Professor Bianchi has an extensive international research and consulting experience with public and private sector organizations. Such activities consist in the design of policies and the outline of programs linking strategy and implementation. Consulting and education projects that Prof. Bianchi has undertaken cover: strategic planning and control, performance management and reporting, as well as System Dynamics modeling for performance improvement and crisis prevention (Dynamic Performance Management).
In the last decade, Professor Bianchi has been strengthening an international network related to "Dynamic Performance Management". He has been collaborating with Universities throughout the world, ranging from Europe (Bergen, Norway; Nijmegen, The Netherlands; St. Gallen, Switzerland; KTH, Stockholm, Sweden), to Australasia (Top Education Institute, Sydney; Multimedia University and National University of Malaysia, Kuala Lumpur; NAPA - Hanoi; Rangsit University, Bangkok; Universitas Indonesia, Jakarta; National Academy of Public Administration - NAPA, Hanoi), and America (University of Campinas - UNICAMP, Brazil).
In the USA, Professor Bianchi has collaborated extensively with the School of Government of University of North Carolina at Chapel Hill. More recently he has undertaken projects with the Center for Human Resource Management State, Stony Brook University, with the School of Public Affairs at the Baruch College, New York, and with the College of Public Affairs at the University of Baltimore.
He has been also visiting professor at the Rockefeller College of Public Affairs & Policy, University at Albany (USA), at Top Education Institute, Sydney (Australia), and at Unicamp, Faculty of Technology, Limeira (Brazil).
He has also run professional workshops in: Africa (Tripoli, Tunis), Australasia (Bangkok, Brisbane, Hanoi, Jakarta, Kuala Lumpur, Penang, Singapore), Europe (Istanbul, London, Milan, San Gallen, Stockholm), and Latin America (Buenos Aires - Argentina, Brasilia, Sao Paolo - Brazil, Colima - Mexico).
Introduction - by Elio Borgonovi, Eugenio Anessi Pessina, and Carmine Bianchi.- Part 1: The design of Outcome-Based Performance Management Systems in the Public Sector.-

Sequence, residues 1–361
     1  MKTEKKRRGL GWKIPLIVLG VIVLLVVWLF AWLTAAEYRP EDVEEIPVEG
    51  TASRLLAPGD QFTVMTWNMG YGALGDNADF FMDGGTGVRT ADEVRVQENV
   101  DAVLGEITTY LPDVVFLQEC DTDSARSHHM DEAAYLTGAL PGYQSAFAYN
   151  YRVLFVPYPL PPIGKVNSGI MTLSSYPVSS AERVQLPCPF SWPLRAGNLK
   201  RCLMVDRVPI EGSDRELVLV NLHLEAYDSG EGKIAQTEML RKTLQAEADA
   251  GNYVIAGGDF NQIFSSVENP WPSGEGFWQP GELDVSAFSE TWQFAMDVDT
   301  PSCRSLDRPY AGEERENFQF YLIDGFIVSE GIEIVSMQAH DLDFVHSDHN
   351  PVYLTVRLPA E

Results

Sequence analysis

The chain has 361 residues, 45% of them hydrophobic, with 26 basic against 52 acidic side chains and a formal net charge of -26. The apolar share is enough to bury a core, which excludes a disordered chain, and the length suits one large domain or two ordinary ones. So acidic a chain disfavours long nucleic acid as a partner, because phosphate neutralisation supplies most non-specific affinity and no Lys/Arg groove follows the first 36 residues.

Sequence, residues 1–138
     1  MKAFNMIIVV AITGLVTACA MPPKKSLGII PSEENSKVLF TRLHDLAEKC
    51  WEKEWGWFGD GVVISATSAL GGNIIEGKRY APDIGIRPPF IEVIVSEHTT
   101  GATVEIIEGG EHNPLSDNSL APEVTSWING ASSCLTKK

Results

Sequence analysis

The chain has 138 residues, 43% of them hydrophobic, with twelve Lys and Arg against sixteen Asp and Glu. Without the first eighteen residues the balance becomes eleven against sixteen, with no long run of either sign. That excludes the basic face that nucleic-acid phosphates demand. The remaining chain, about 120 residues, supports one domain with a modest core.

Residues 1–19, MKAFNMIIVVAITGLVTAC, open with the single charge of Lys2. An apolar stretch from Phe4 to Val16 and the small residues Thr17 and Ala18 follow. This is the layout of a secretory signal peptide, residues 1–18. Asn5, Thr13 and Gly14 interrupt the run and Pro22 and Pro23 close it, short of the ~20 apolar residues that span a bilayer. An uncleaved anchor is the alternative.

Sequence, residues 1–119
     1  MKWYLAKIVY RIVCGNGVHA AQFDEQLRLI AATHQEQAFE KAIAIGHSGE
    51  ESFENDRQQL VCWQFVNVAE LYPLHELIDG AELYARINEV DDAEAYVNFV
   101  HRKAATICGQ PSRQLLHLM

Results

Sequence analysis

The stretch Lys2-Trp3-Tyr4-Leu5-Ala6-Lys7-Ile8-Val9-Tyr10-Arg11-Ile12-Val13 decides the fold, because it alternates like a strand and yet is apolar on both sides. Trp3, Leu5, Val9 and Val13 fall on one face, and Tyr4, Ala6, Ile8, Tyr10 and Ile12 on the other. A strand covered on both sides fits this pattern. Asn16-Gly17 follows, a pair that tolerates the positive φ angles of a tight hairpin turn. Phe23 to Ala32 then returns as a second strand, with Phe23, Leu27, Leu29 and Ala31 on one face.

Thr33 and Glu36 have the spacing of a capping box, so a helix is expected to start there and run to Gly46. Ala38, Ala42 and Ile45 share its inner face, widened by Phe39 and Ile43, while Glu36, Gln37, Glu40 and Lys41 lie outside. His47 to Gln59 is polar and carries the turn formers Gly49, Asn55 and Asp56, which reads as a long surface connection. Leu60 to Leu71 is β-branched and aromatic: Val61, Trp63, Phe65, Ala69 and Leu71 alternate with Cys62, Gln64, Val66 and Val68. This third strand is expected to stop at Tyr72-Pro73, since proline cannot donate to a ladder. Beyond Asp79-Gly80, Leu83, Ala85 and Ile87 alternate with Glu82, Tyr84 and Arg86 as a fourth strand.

Rajala, Laihonen & Vakkuri - Shifting from Output to Outcome Measurement in Public Administration - Arguments Revisited.- Spano & Aroni - Organizational Performance in the Italian Healthcare Sector.- Garlatti, Fedele & Ianniello - The iron law of unintended effects, again?.- Outcome measures and blame-avoidance.- Bivona & Cosenz - Designing outcome-based performance management systems to assess policies impacting on caesarean section rate: an analysis of the Sicilian maternity pathway.- Part 2: Towards Outcome-Based Performance Management: experiences and trends from different countries.- Mackie - The Scottish Government's System of Outcome-Based Performance Management: A Case Study of the National Performance Framework and Scotland Performs.- Minassians & Roy - Governance Structures and the "(De)Politicization" of.- Performance Measures.- Ricci & Civitillo - Italian Public Administration Reform: what are the limits of financial performance measures?.- Part 3: Enhancing Governance and Inter-institutional coordination through Outcome-Based Performance Management.- Bianchi & Peters - Measuring Coordination and Coherence: Assessing Performance Across the Public Sector.- Brusati, Fedele, Ianniello & Iacuzzi - Outcome-based performance management in the public sector: what role for inter-organizational ICT networks?.- Wheat & Bardach - Disappointing Outcomes: Can Implementation Modeling Help?.- Part 4: Applying Outcome-Based Performance Management: experiences from different public sector domains.- Cuccinello, Nasi & Degara - Evaluation of innovation performance in the public sector: a systematic review of studies.- Martone, Sciaroni & Righetti - Measuring the impact of training on Public Manager performance: the case of Canton Ticino (An ex-post analysis).- Fadda, Paglietti, Reginato & Pavan - Analysing corruption: effects on the transparency of public administrations.- Aversano, Manes Rossi & Tartaglia Polcini - Performance measurement systems in universities: A critical review of the Italian system.- Francesconi & Guarini - Performance-based funding and internal resource allocation: The case of Italian universities.- Bonollo & Zuccardi Merli - Performance Reporting in Italian Public Universities: Activities in Support of Research, Teaching, and the "Third Mission".- Vecchi - Performance Management Uses, Outcome Measures and Mechanisms-Based Explanations. The Case of the Judicial Sector..- Meneguzzo, Fiorani & Frondizi - Performance management and evaluation of large-scale events in a multistakeholder engagement perspective: the case of the Extraordinary Jubilee of Mercy.- Part 5: Dealing with the challenges of outcome-based performance management: Innovative methods and tools.- Sexton, Comunale, Higueira & Stickle - Performance Benchmarking of School Districts in New York State.- Schwaninger & Klocker - Efficiency versus Effectiveness in Hospitals:.- A Dynamic Simulation Approach.- Herrera - Public policy design for climate change adaptation: a dynamic performance management approach to enhance resilience